Birds of America (2008)


Birds of America Storyline

When Morrie was a teenager, his parents died, leaving him a house, an irritable bowel, and siblings Jay and Ida to raise. Jump ahead 20 years: Jay is homeless, fits poorly into society, and was recently injured; Ida is jobless and sleeps with strangers; Morrie is married to the long-suffering Betty who is waiting for Morrie to get tenure before having children. They constantly have to kiss up to their holier-than-thou neighbors, one of whom is Morrie’s department head. Morrie brings Jay home to recover, Ida decides to visit, the siblings make the neighbors ill at ease, a strange woman visits, and the cops want to talk to Jay. What about Morrie’s irritated bowels?—

Birds of America Photos

Birds of America Torrents Download

720pbluray778.33 MBmagnet:?xt=urn:btih:179829E19B778460BFB6F94E24B018112A0D2D98

Birds of America Subtitles Download

Arabicsubtitle Birds.of.AmericaDvDrip-FXG DANTY
Arabicsubtitle Birds.of.America.2008.BDRip.x264.DTS-Zoo
Danishsubtitle Birds.of.America.2008.1080p.BluRay.x264-MELiTE
Englishsubtitle Birds.Of.America.DVDRip.XviD-BeStDivX
Englishsubtitle Birds.of.America.2008.720p.BluRay.x264-MELiTE
Englishsubtitle Birds.of.America.2008.720p.BluRay.x264-MELiTE
Finnishsubtitle Birds.of.America.2008.1080p.BluRay.x264-MELiTE
Greeksubtitle Birds of AmericaDvDrip-FXG
Hebrewsubtitle Birds of AmericaDvDrip-FXG
Norwegiansubtitle Birds.of.America.2008.1080p.BluRay.x264-MELiTE
Spanishsubtitle Birds.of.America.2008.DVDSCR.XviD-Prevail
Swedishsubtitle Birds.of.America.2008.1080p.BluRay.x264-MELiTE
Ukrainiansubtitle Birds of America (2008) BDRip ENG | sub Ukr

Birds of America Movie Reviews

Family and Permutations

BIRDS OF America is not a cinematic version of Lorrie Moore’s best selling collection of short stories by the same name. This little tale of a dysfunctional family was written by Elyse Friedman, a Canadian novelist and screenwriter (Then Again, Long Short Story, Waking Beauty) whose works are summed up by the author: “If I had to sum up my characters in one word, I’d say ‘outsiders.’ There’s not one particular source from where I get my inspiration. It comes from different places. I get it from life, and ideas pop into my head. I file them away and sooner or later it’s time to deal with them, whether in screenplay, book, or poem or whatever it happens to be.” Craig Lucas (Longtime Companion, Prelude to a Kiss, The Dying Gaul) joins Friedman in bringing this strange little story about outsiders and insiders, all living together under one bizarre roof.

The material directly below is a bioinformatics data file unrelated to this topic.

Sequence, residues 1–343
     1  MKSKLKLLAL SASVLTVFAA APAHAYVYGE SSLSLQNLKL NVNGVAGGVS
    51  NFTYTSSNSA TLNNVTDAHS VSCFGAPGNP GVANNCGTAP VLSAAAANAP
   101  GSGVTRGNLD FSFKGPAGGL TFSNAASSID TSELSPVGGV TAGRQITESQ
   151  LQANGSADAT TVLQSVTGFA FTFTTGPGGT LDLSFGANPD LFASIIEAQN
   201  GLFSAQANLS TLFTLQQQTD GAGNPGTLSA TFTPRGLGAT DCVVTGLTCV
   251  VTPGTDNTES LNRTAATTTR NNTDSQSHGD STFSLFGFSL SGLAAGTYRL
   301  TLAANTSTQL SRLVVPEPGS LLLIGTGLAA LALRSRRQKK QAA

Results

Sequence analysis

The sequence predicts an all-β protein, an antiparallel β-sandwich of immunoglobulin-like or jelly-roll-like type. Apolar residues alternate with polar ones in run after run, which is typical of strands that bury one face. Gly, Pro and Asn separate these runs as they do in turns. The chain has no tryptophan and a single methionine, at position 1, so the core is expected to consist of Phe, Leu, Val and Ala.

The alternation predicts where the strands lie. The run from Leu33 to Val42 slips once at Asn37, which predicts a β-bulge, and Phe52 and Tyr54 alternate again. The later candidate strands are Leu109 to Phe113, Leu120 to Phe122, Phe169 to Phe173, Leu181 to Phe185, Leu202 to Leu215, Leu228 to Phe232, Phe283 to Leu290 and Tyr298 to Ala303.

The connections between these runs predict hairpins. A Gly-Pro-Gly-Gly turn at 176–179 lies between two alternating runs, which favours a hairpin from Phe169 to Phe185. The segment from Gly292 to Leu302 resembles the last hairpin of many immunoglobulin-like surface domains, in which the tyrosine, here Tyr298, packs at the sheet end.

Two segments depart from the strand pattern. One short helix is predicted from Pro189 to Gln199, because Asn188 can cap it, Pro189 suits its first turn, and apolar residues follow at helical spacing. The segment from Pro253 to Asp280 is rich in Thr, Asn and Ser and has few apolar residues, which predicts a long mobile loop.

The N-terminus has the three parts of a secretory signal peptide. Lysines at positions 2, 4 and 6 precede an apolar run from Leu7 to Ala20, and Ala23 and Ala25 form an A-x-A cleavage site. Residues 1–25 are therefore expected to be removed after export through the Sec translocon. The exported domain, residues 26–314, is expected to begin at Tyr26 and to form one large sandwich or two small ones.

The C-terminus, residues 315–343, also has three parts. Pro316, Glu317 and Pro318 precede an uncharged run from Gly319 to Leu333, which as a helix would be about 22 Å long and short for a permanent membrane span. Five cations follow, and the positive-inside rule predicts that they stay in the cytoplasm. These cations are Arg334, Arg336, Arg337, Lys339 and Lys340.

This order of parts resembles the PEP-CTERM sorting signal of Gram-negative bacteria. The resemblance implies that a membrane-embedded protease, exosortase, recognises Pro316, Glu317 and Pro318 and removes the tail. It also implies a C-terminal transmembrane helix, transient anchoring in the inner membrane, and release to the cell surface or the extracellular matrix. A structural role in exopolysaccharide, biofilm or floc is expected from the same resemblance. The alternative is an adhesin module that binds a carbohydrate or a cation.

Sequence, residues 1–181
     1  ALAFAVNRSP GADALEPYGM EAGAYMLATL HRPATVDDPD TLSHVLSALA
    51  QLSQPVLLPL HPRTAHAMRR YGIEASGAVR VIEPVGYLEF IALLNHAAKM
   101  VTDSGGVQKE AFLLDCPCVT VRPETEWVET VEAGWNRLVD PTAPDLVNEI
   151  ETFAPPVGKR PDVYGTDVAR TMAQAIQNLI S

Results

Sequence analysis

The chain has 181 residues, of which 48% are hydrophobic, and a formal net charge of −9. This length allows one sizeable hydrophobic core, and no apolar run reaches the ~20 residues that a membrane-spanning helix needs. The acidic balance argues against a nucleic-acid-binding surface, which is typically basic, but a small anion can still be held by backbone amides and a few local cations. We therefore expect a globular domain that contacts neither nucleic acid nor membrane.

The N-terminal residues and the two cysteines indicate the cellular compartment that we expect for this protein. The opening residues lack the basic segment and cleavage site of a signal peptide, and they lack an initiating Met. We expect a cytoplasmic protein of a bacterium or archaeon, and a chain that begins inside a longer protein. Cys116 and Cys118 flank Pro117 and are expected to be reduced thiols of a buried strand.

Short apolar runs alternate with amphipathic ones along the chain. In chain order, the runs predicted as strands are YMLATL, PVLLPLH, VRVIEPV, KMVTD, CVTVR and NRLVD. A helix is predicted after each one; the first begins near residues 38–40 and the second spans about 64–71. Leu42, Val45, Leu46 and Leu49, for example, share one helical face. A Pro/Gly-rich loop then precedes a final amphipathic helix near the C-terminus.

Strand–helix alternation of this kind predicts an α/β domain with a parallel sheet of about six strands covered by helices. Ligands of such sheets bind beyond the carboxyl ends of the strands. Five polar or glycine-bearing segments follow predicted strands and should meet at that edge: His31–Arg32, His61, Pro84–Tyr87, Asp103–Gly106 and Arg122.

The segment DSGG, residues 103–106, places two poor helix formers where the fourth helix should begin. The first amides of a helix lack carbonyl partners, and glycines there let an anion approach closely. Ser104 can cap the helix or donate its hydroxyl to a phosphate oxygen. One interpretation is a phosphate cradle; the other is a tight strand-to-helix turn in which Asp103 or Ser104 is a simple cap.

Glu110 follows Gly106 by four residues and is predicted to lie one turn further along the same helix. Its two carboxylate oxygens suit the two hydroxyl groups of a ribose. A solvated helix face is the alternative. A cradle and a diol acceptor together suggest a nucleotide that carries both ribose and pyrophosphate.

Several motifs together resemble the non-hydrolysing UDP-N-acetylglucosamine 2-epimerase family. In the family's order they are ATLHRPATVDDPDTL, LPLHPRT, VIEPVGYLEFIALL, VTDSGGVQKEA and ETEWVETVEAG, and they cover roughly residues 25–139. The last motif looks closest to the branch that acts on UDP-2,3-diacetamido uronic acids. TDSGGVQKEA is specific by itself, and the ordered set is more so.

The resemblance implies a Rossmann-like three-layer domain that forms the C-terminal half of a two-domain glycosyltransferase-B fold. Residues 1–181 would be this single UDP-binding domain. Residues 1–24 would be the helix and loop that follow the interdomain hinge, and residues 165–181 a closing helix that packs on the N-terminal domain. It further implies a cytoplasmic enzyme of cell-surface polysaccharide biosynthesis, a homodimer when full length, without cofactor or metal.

Morrie (Matthew Perry) is the older brother who raised his free-spirited siblings Jay (Ben Foster) and Ida (Ginnifer Goodwin) after the death of their parents. Their lives have gone in different directions: Morrie is a professor in line for tenure that happens to be at the mercy of his fellow academician Paul (Gary Wilmes) who lives next door to Morrie and his sturdy but ‘it’s time to start a family’ wife Betty (Lauren Graham). Paul and his obsessive compulsive gardening wife-new-mother Laura (Hilary Swank) do all the right things, a trait Morrie and Betty try to emulate to assure Morrie’s getting tenured, a move that will assure Betty that motherhood can be approached.

Into this strained atmosphere drops Jay recovering from an accident (he lay on the freeway and was hit but not killed). Alone (he is married to a young girl Gillian (Zoë Kravitz) but does not share this information at first) Jay moves into Morrie’s attic and continues his strange life pattern, imposing his Vegan style on the family and eventually inviting his equally looney sister Ida to move in, too: Ida takes the basement. The two siblings proceed to cause minor crises and dilemmas for Morrie, more or less resulting in Morrie’s being alienated from his ‘important’ neighbors. How Morrie and Betty adjust to their new found way of life and its consequences provides an ending to the story.